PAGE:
Amur Falcons tracked to Africa
By Martin Fowlie, Thu, 19/12/2013 - 12:24
Three Amur Falcons have been tracked by satellite from Nagaland in India to Africa. The study carried out by MME (BirdLife in Hungary) and the Convention on Migratory Species has shed further light on what an amazing journey these birds take. These Amur were among thousands saved this year by an international effort to stop trapping in this remote area of north-east India.
"Long distance movement of Amur falcon from Siberia to southern Africa with a few week's stop in India further proves the importance of protecting these small raptors in India, particularly in Nagaland. As the Chief Minister has written, Amur Falcons are really our guests, who need our protection during their stay in India", said Dr Asad Rahmani. Director of BNHS (BirdlIfe in India)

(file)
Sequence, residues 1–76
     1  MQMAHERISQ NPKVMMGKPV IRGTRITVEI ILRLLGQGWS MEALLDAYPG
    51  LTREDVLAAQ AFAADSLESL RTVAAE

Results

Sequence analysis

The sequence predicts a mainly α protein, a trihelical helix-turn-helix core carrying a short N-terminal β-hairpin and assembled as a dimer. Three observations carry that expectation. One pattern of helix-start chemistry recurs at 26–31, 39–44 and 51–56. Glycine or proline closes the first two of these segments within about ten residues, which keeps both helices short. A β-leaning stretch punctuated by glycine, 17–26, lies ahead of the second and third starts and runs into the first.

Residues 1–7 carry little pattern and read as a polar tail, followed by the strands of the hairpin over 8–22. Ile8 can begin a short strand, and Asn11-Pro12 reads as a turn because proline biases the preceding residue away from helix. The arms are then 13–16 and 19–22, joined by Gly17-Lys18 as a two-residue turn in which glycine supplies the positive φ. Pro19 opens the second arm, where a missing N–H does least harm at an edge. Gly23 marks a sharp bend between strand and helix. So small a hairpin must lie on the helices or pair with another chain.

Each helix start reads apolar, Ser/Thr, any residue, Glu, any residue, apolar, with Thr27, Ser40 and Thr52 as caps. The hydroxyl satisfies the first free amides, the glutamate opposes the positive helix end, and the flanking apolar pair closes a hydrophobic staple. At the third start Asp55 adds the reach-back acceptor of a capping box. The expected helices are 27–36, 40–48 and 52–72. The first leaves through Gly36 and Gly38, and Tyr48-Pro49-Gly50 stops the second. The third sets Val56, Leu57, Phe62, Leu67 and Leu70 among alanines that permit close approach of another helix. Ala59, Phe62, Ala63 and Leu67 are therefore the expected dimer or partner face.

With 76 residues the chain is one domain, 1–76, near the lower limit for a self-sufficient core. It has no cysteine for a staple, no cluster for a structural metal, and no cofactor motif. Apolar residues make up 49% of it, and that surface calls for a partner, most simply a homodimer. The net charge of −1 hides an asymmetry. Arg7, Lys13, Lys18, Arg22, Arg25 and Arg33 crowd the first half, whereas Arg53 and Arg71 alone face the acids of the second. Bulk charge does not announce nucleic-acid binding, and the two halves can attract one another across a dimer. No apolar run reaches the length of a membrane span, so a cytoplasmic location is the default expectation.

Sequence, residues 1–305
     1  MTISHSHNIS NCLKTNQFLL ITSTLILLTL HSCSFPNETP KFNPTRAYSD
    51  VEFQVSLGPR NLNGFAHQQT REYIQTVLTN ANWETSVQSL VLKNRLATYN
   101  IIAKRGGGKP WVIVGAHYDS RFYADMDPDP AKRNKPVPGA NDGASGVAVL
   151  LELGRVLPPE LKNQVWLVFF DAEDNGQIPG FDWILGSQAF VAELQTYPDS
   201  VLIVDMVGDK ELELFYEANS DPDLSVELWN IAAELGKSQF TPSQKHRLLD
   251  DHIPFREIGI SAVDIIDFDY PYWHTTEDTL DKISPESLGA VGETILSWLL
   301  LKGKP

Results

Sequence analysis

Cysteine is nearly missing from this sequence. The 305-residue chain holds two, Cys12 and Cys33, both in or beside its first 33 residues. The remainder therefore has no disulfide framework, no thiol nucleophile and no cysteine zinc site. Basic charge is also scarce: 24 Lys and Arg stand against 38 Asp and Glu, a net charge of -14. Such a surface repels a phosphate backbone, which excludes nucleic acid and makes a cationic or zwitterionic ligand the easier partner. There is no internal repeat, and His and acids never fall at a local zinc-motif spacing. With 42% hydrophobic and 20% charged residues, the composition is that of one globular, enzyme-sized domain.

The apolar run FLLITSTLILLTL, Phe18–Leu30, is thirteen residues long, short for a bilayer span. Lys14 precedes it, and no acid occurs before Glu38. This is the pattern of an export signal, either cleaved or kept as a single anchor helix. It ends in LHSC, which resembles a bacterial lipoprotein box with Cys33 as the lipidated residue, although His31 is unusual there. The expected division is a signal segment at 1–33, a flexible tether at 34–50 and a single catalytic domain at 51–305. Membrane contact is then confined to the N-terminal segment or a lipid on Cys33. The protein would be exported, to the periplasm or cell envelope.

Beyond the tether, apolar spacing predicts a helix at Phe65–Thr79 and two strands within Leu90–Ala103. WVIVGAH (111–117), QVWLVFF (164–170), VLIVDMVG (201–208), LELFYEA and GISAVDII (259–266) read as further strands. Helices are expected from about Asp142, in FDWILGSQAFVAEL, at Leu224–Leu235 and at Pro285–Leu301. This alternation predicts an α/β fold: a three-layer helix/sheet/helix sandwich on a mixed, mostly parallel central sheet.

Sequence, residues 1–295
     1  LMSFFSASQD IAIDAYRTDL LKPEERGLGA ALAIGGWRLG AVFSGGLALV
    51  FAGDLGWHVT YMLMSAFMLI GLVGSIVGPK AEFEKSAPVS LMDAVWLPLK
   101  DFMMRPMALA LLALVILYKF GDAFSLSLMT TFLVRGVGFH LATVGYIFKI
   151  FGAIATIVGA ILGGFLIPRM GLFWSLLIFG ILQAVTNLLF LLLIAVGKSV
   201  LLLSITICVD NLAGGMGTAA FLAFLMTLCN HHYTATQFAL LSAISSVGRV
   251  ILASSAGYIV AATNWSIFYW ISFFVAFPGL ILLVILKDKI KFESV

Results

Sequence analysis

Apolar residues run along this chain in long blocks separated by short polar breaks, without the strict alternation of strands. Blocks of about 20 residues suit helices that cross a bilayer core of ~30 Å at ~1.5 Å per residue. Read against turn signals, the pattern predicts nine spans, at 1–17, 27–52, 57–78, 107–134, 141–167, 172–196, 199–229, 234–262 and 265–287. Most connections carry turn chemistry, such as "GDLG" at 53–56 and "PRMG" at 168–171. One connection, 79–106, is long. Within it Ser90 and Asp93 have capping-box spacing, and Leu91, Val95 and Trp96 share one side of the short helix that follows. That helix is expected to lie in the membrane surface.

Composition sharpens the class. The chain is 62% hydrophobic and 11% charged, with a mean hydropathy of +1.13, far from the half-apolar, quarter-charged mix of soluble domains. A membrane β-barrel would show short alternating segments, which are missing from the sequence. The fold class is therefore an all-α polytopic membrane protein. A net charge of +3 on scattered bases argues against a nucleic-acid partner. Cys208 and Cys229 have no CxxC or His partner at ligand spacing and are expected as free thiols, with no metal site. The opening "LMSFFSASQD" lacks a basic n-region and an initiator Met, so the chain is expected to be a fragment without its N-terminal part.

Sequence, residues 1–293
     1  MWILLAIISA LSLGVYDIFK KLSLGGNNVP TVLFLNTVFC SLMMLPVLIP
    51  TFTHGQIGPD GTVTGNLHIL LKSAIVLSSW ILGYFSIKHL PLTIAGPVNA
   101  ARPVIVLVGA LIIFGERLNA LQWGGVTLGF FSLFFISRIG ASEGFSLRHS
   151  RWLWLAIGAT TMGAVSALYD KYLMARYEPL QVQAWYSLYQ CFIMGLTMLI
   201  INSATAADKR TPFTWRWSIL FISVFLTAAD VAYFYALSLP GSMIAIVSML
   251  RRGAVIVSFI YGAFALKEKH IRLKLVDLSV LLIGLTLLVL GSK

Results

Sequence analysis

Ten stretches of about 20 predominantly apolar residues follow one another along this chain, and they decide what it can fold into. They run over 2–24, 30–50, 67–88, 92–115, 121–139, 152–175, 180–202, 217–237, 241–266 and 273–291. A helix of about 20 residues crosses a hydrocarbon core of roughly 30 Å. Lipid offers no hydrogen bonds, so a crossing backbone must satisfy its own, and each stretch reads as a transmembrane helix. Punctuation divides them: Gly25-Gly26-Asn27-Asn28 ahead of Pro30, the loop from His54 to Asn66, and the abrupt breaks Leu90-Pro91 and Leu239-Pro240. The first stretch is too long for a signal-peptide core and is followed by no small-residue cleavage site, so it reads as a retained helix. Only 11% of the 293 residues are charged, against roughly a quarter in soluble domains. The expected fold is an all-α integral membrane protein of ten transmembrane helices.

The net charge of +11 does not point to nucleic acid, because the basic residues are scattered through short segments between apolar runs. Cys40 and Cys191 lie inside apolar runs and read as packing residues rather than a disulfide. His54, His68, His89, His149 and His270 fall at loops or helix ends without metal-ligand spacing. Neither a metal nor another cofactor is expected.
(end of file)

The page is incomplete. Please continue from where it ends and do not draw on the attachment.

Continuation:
After leaving Nagaland the birds flew out over the Bay of Bengal, then over central India. Next was a non-stop flight over the Indian ocean, to presumably coincide with the annual migration of dragonflies from India to East Africa.
Once they made landfall, the birds headed south. One has made it as far as South Africa, where it will now spend the northern winter.
“The Amur Falcon faces many threats, including on its non-breeding grounds in South Africa. BirdLife South Africa, through its IBA Programme, is addressing these threats through the protection of the grassland habitats on which this falcon is dependent", said Mark Anderson, Chief Executive of BirdLife South Africa (BirdLife Partner).